The upcoming European election in 2019 might bring about an unprecedented political earthquake, already foreshadowed four years ago, blowing away the political centre altogether. What is likely to happen in the end: the feared come-back of nationalism or is there hope for a pro-European revival?
Generally, the reconciliation processes in Bosnia-Herzegovina and in most other Balkan countries seem to retrograde. Economic and political situations are still unstable and a brutal plunder of state and social property left devastating consequences. The EU's interference in the region doesn't help stabilising the 'black mosaic'.
In the early days of his mandate Erdoğan presented himself as one of the main defenders of women’s rights. However, after 2010 the government focused predominantly on religious themes and defined gender roles more and more traditionally and restrictive. According to surveys, nearly 50% of all Turkish women have experienced domestic violence and the political climate is increasingly discriminating against women.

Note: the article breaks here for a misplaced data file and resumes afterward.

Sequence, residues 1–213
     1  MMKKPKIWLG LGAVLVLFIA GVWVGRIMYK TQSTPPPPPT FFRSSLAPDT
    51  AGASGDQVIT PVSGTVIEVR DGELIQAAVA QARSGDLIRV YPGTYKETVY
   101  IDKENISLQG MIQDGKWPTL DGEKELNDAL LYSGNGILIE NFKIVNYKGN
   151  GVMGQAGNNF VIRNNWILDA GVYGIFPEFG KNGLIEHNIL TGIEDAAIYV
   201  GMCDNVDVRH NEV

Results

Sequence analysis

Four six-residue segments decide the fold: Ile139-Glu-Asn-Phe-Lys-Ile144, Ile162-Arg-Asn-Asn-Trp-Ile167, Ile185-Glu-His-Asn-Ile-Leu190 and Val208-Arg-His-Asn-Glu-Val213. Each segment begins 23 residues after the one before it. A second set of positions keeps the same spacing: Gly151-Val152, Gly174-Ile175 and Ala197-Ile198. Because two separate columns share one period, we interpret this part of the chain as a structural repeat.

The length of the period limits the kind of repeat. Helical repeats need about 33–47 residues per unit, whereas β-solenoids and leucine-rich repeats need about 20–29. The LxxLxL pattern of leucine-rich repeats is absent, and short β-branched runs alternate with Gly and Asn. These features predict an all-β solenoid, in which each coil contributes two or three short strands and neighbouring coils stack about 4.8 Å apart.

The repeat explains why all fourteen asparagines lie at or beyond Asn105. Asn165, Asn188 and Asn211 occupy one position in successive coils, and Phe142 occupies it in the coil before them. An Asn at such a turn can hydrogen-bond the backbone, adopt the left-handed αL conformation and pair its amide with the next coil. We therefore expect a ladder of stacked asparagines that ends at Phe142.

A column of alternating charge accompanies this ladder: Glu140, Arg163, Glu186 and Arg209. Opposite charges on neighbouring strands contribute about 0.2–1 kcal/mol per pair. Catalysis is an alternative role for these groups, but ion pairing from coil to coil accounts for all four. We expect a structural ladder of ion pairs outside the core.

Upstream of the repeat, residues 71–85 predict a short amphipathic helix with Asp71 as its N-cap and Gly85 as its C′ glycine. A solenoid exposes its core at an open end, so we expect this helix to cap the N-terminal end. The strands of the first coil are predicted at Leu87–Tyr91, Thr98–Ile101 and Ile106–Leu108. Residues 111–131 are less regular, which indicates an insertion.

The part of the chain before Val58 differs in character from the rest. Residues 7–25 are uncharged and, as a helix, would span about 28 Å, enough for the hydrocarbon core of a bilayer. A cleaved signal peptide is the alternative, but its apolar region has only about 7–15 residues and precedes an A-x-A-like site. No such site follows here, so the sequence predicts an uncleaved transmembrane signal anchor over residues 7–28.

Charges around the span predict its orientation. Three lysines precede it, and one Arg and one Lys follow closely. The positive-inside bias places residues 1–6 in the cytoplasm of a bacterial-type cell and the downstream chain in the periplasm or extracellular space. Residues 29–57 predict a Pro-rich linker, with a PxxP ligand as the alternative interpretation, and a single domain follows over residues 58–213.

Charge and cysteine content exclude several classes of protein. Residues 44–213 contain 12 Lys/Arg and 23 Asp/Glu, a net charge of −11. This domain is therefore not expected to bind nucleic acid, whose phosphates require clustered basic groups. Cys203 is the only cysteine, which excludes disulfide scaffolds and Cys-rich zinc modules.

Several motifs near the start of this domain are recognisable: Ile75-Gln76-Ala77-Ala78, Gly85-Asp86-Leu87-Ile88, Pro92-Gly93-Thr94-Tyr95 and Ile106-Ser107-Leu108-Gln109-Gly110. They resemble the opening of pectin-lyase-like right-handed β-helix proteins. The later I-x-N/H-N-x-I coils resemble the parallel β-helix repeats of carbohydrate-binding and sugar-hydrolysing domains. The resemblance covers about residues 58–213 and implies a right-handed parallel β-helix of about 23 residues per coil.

Every European country has its semi-fictional national story, typically manufactured sometime in the 19th Century by a group of romantic intellectuals. Britain has been used to devastating effect in recent years to splinter off from the rest of the EU.
How can the EU deal with global conflicts? With the European Union Global Strategy (EUGS) of 2016, the EU has presented its latest foreign policy approach, including security policy and its role in conflicts. But what does it mean in practice?
Being one of the wealthiest regions in the world, the EU has a lot to give when it comes to the delivery of SDGs in the global context. However, as one of the world’s biggest consumers and trading blocs it also has a lot to answer.
Six months before the election to the European Parliament in May 2019, the prospects are bleak. If politicians can show that they are willing to respond to the real needs of the people and are able to connect local issues with the European level, there might still be hope for the European elections.